The time has come for my second attempt at brewing beer at home. This time I went with a Nut Brown Ale kit from All About Brewing. They have a pretty wide variety of kits to choose from and I seriously debated getting their Irish Red Ale kit as a sort of do-over from last time, but perhaps next time. This time I planned to dedicate myself to correcting as many of the wrongs, or things my inexperience told me were wrong, with the last batch. Not only was I going to sanitize all my equipment properly, but I told myself to read the instructions with a much keener eye. With these things in mind, I set to work.
First, I compared all of the equipment to the list included on the box to make sure it was all there. After confirming it was, I set to cleaning everything in the box. This cannot be stressed enough for anyone thinking about brewing their own stuff at home: do not assume things are clean out of the box or merely “good enough” with a simple rinse; clean anything that could come into contact with your brew. Use sanitizer, either the stuff that comes in the kit, or if the kit does not include any, just go purchase a food grade sanitizer. Star San is a popular choice, but there are others. It can come in two forms: pre-mixed and the powder you have to mix into water yourself, like making some kind of weird Kool-Aid (although not harmful if it touches stuff you eat or drink from, it is still not recommended you drink it straight.)
Once I was sure everything was clean, I moved on to the second step, which was to steep the grains. Now, this is the first place we messed up with our last brew, which brings me to my second recommendation: read all instructions CAREFULLY. In this step, you are not boiling the grains, but merely steeping them as with a tea bag in tea. Make sure you have a pot large enough to boil the amount of water appropriate to the amount of beer you want to end up with. This particular kit calls for 6 gallons of water, but I didn’t have a pot big enough for this, so I split a 5 gallon Sparkletts-style container between two pots, with about 3 gallons going into one pot and another gallon boiling in a smaller one alongside it.
This allowed me to steep the grains in water that got hot enough on an electric stove to get to 170 degrees in a reasonable amount of time (~1 hour). When it got to 170, I removed the grain bag (which smelled delicious, by the way) and added the second pot of boiling water to get as close to the original 4 gallons I had started with. I brought the earthy-smelling water to a boil, which took about another 20 or so minutes, took it off the heat, stirred in the malt extract that was included in the kit, and brought that back up to a boil. At this point, the mixture is called “wort”.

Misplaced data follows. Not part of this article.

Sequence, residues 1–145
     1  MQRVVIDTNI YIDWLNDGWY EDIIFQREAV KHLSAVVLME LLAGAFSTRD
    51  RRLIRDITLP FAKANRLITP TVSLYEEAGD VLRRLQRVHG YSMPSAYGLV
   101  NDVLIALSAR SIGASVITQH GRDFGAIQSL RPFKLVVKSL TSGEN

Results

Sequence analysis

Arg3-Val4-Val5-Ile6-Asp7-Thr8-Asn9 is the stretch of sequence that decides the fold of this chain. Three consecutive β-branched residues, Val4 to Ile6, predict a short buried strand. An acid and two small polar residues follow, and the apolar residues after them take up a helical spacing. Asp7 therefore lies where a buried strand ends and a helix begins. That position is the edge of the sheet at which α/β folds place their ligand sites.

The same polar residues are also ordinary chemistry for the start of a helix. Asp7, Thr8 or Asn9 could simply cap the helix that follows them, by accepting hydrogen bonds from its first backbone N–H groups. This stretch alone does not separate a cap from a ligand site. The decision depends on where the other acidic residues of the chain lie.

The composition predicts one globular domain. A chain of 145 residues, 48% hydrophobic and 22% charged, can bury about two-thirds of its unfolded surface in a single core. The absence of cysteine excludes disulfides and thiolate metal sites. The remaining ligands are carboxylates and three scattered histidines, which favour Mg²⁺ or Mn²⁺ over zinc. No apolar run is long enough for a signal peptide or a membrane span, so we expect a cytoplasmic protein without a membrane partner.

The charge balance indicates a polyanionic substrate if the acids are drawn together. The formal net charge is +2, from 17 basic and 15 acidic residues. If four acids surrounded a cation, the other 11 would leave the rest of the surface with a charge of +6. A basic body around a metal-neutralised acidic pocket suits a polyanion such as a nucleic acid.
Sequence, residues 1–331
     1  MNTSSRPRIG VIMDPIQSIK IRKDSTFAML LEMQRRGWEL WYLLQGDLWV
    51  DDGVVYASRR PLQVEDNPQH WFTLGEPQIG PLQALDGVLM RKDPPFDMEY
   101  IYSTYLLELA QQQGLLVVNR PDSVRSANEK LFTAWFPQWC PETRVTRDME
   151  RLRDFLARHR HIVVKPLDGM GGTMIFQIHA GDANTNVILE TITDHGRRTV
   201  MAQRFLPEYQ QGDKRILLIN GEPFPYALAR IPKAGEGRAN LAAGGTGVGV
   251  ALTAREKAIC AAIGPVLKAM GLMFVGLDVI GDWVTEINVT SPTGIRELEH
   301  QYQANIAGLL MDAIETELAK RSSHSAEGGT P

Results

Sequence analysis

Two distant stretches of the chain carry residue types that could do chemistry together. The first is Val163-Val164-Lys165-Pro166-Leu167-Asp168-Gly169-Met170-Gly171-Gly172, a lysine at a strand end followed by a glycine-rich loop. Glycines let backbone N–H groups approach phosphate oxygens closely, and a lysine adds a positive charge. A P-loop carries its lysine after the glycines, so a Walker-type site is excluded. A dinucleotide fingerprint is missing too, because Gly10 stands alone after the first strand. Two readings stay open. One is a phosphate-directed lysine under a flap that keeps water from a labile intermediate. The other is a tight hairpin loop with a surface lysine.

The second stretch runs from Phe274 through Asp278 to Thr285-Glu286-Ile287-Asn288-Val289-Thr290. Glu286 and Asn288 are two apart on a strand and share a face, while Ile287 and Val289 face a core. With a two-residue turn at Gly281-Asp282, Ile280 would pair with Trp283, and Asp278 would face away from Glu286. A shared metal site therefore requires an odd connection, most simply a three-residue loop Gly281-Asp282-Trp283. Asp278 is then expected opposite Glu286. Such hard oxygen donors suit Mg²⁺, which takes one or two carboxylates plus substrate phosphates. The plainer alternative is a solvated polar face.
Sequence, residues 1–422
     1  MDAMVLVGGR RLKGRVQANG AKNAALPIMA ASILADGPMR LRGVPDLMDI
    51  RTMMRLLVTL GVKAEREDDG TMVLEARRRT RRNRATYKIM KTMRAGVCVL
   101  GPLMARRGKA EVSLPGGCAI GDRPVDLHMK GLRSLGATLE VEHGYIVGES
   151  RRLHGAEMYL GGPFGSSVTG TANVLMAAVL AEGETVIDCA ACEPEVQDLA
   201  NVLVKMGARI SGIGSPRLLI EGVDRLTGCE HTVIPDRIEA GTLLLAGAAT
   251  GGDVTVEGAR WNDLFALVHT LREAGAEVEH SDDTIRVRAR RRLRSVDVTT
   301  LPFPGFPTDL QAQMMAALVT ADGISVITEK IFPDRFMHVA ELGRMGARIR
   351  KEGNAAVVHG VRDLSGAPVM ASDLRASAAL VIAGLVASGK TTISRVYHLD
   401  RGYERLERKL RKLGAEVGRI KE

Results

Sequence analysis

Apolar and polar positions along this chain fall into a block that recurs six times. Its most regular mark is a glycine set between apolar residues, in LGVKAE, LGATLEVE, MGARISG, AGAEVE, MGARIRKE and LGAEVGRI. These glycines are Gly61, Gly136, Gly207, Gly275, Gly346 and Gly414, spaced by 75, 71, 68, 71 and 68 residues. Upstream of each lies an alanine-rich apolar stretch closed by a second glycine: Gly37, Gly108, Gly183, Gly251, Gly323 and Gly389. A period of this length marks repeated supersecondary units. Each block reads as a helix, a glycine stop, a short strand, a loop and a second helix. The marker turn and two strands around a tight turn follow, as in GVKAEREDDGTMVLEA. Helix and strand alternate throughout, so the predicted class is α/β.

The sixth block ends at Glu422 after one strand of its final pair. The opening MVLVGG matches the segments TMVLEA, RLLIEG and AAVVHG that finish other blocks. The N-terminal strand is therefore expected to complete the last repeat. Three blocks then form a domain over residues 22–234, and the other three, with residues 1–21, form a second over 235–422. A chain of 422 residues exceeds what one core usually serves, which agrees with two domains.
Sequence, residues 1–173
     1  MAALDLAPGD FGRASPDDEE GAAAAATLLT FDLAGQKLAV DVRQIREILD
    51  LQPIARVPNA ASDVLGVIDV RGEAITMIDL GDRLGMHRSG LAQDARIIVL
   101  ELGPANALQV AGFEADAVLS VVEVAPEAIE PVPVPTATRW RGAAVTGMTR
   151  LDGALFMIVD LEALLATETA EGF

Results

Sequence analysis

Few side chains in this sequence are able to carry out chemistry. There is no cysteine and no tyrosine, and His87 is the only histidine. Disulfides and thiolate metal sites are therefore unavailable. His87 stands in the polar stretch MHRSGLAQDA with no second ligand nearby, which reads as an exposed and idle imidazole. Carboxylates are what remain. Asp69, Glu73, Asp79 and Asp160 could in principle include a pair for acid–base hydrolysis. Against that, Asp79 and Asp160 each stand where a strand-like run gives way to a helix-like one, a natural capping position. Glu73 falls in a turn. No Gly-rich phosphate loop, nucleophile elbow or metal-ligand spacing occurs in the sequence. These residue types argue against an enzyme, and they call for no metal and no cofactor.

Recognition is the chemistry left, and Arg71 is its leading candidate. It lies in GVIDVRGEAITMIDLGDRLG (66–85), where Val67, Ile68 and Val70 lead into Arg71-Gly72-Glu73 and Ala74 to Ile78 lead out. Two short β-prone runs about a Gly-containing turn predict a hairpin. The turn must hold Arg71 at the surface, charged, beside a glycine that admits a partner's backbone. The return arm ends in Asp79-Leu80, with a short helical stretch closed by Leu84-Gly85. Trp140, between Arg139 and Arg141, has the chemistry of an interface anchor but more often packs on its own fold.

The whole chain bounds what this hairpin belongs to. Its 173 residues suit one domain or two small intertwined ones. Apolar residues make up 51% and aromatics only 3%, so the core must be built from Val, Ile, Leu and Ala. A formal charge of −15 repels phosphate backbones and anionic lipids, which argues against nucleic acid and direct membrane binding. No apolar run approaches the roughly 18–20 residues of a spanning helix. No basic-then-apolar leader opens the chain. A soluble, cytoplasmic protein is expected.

The malt step was kind of an adventure: I had to keep the canister of syrupy liquid in a bath of warm water to loosen it up and make sure I was able to get enough of the extract into the pot. Then I shook some hot water around the inside to get the last of it and…the canister exploded all over the kitchen. Yep, sticky, syrupy malt extract all over the place. Oh well- you live and you learn.
After it was at a boil again for 15 minutes, I added the bittering hops. The recipe called for a full 60 minute boil with the hops, but I like my beer less hoppy, so I decided to decrease the exposure of the hops. This kit came with a clarifying agent called a Whirlflock tablet. This helps to take any haziness out of the mixture. I added this tablet with about 5 minutes to go in the final boil.
While that was finishing up, I had a buddy watch the boil while I ran to the store to get some ice, as the next step was to cool the wort as quickly as possible. Last time, we used a chiller ring, but we didn’t have one for this brew, so the plan was to put the kettle in the sink and pack the sink with ice around the kettle. I figured direct contact with the metal sides of the kettle would transfer the heat pretty evenly. This process took much longer than I anticipated and about 30 minutes later I had it at 81 degrees. The instructions recommend 70-80 degrees, but I had an appointment in about 5 minutes, so I just wanted to get it done. I figured transferring the mixture to the primary fermenter would cool it down the rest of the way, anyway.
After transferring the 80-degree wort to the primary fermenting bucket, I added the yeast. The kit came with a packet of Safale US-05 yeast, which seems to be a pretty standard choice for making ales. I want to learn more about yeasts and maybe even culture my own someday. So, here is another step where I should have read more carefully, but in my rush, I did not… The packet is a dry yeast, similar to bread yeast, which means that I should have reconstituted it in 90-degree water for about 10 minutes before pitching it into the bucket with the wort. Well, I didn’t do that and just pitched the dry yeast straight into the bucket. This is what we did with our first brew and ended up with very carbonated beer (more on that in the third week).
It was at this point that I remembered something else I wanted to do this time that we had forgotten last time: to take what is called the ‘original gravity,’ which gives an idea of the potential alcoholic strength of the final brew. This measures the fermentable and unfermentable substances in the wort before fermentation. To do this, the kit came with an instrument called a hydrometer. It is a float or buoy with a scale printed on it that essentially compares the relative thickness of the liquid compared to just plain water. This brew came in at about 10% with this initial reading.
Then I wrapped the fermenting bucket in a towel to keep the temperature somewhat consistent. We’ll see what happens, but for now, as with much of the beer-making process, all I can do is wait and prepare for week two: secondary fermentation.